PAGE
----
Authors’ Contributions

All authors made a significant contribution to the work reported, whether that is in the conception, study design, execution, acquisition of data, analysis, and interpretation or in all these areas; took part in drafting, revising, or critically reviewing the article; gave the final approval of the version to be published; have agreed on the journal to which the article has been submitted; and agree to be accountable for all aspects of the work.


This research was supported by the National Natural Science Foundation of China (81700706), the 345 Talent Project of Shengjing Hospital, the Clinical Research Project of Liaoning Diabetes Medical Nutrition Prevention Society (LNSTNBYXYYFZXH-RS01B), and the Project of Liaoning Provincial Educational Bureau (LK 201603 and LK201633).


  1. G. Jianmei, “Analysis of high risk factors and clinical nursing characteristics of patients with diabetic complications,” Electronic Journal of Practical Clinical Nursing Science, vol. 4, no. 51, p. 42, 2019. View at: Google Scholar
  2. E. M. Levin, S. L. Bud'Ko, J. D. Mao, Y. Huang, and K. Schmidt-Rohr, “Effect of magnetic particles on NMR spectra of Murchison meteorite organic matter and a polymer-based model system,” Solid State Nuclear Magnetic Resonance, vol. 31, no. 2, pp. 63–71, 2007. View at: Publisher Site | Google Scholar
  3. R. Gong and G. Chen, “Preparation and application of functionalized nano drug carriers,” Saudi Pharmaceutical Journal, vol. 24, no. 3, pp. 254–257, 2016. View at: Publisher Site | Google Scholar
  4. J. C. Fricain, S. Schlaubitz, C. le Visage et al., “A nano-hydroxyapatite - pullulan/dextran polysaccharide composite macroporous material for bone tissue engineering,” Biomaterials, vol. 34, no. 12, pp. 2947–2959, 2013. View at: Publisher Site | Google Scholar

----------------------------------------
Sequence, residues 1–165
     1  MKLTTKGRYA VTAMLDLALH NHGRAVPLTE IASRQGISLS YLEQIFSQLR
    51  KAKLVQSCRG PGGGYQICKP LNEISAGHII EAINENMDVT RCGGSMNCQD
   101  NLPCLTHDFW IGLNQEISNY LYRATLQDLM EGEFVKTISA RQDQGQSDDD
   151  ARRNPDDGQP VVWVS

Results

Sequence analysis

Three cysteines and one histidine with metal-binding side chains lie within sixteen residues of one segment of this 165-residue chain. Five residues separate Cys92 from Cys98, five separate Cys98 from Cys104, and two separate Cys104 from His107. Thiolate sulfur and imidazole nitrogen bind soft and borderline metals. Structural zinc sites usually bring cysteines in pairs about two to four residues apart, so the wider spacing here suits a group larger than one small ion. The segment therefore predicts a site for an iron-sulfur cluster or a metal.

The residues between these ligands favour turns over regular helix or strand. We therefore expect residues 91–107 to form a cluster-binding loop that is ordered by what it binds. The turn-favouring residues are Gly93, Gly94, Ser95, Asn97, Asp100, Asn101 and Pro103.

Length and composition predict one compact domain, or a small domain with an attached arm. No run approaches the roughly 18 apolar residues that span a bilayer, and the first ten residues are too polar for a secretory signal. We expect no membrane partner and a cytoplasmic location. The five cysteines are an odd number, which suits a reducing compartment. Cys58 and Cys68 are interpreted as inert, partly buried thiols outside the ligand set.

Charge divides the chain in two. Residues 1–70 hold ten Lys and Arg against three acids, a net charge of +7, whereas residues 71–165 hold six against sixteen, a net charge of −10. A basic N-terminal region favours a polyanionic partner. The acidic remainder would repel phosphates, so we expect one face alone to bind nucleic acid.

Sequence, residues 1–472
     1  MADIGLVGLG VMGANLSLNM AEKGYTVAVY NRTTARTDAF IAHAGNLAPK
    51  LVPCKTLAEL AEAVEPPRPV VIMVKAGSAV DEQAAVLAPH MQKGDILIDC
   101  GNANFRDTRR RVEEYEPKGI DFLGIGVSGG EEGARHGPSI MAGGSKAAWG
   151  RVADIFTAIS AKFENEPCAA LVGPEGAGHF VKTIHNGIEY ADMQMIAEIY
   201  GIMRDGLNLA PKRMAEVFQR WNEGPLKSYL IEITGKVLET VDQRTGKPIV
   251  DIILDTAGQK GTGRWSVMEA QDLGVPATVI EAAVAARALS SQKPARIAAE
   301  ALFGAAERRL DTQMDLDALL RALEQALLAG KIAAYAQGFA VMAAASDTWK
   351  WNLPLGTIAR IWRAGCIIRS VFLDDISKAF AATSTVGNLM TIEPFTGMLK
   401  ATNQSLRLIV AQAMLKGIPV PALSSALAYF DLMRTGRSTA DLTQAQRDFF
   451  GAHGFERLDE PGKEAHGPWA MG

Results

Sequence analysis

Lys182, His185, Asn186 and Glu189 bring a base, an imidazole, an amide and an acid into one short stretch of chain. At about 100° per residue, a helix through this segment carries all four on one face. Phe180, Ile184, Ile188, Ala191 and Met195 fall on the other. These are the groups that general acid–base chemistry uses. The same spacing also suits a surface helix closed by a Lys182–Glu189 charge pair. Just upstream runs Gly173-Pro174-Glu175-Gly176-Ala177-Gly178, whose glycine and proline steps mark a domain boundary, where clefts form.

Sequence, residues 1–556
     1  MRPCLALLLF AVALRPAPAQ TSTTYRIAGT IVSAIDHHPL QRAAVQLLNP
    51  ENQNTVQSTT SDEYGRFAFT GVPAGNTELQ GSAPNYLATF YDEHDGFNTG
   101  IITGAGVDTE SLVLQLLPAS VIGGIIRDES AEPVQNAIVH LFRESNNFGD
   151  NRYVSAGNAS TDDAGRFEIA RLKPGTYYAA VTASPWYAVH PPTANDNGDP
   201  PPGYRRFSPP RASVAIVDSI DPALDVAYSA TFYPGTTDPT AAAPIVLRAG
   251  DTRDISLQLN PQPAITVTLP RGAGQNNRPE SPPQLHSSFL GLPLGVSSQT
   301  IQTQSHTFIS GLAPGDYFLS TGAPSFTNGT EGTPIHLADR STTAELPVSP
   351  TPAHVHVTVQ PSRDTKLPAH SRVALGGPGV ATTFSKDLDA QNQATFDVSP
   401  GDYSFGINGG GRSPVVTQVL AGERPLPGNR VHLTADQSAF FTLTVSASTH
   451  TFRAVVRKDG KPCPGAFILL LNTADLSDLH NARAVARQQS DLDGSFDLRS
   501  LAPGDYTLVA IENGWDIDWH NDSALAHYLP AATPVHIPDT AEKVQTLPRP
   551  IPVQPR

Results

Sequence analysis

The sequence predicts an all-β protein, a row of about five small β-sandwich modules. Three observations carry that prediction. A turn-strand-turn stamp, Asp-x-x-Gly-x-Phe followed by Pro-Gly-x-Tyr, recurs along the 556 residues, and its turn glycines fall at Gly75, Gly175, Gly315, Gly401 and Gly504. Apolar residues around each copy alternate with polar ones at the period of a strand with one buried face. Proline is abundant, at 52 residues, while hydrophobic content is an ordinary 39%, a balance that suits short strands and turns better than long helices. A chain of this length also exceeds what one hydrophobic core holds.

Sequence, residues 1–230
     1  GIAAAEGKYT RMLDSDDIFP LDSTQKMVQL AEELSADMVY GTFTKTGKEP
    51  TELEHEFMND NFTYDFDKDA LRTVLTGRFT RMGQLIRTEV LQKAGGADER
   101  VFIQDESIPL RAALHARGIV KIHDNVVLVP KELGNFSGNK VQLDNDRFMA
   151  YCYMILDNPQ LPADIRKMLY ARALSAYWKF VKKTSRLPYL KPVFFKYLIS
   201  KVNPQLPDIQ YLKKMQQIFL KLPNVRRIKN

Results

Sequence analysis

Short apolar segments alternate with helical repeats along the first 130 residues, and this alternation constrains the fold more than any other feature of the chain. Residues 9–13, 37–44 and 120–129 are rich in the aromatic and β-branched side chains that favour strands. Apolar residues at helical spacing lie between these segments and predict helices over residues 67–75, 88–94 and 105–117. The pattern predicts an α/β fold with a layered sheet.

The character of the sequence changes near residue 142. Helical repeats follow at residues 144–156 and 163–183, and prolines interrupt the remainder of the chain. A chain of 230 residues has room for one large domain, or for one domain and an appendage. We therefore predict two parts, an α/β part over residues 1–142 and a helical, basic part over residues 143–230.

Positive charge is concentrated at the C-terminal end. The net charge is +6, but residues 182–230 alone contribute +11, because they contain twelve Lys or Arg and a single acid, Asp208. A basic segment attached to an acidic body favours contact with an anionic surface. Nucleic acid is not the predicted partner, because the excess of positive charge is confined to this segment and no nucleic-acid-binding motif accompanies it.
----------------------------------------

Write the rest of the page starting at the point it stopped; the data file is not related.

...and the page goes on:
5. W. Chen, M. Guo, and S. Wang, “Anti prostate cancer using PEGylated bombesin containing, cabazitaxel loading nano-sized drug delivery system,” Drug Development and Industrial Pharmacy, vol. 42, no. 12, pp. 1968–1976, 2016. View at: Publisher Site | Google Scholar
  6. Y. Zhang, A. Pan, and Y. Pan, “Progress in nano biomedical engineering,” China Journal of Morden Medince, vol. 11, no. 3, pp. 34–38, 2001. View at: Google Scholar
  7. J. Seelig, K. Leslie, A. Renn et al., “Nanoparticle-induced fluorescence lifetime modification as nanoscopic ruler: demonstration at the single molecule level,” Nano Letters, vol. 7, no. 3, pp. 685–689, 2007. View at: Publisher Site | Google Scholar
  8. X. Zhang, C. Yang, J. Zhou, and M. Huo, “Somatostatin receptor-mediated tumor-targeting nanocarriers based on octreotide-PEG conjugated nanographene oxide for combined chemo and photothermal therapy,” Small, vol. 12, no. 26, pp. 3578–3590, 2016. View at: Publisher Site | Google Scholar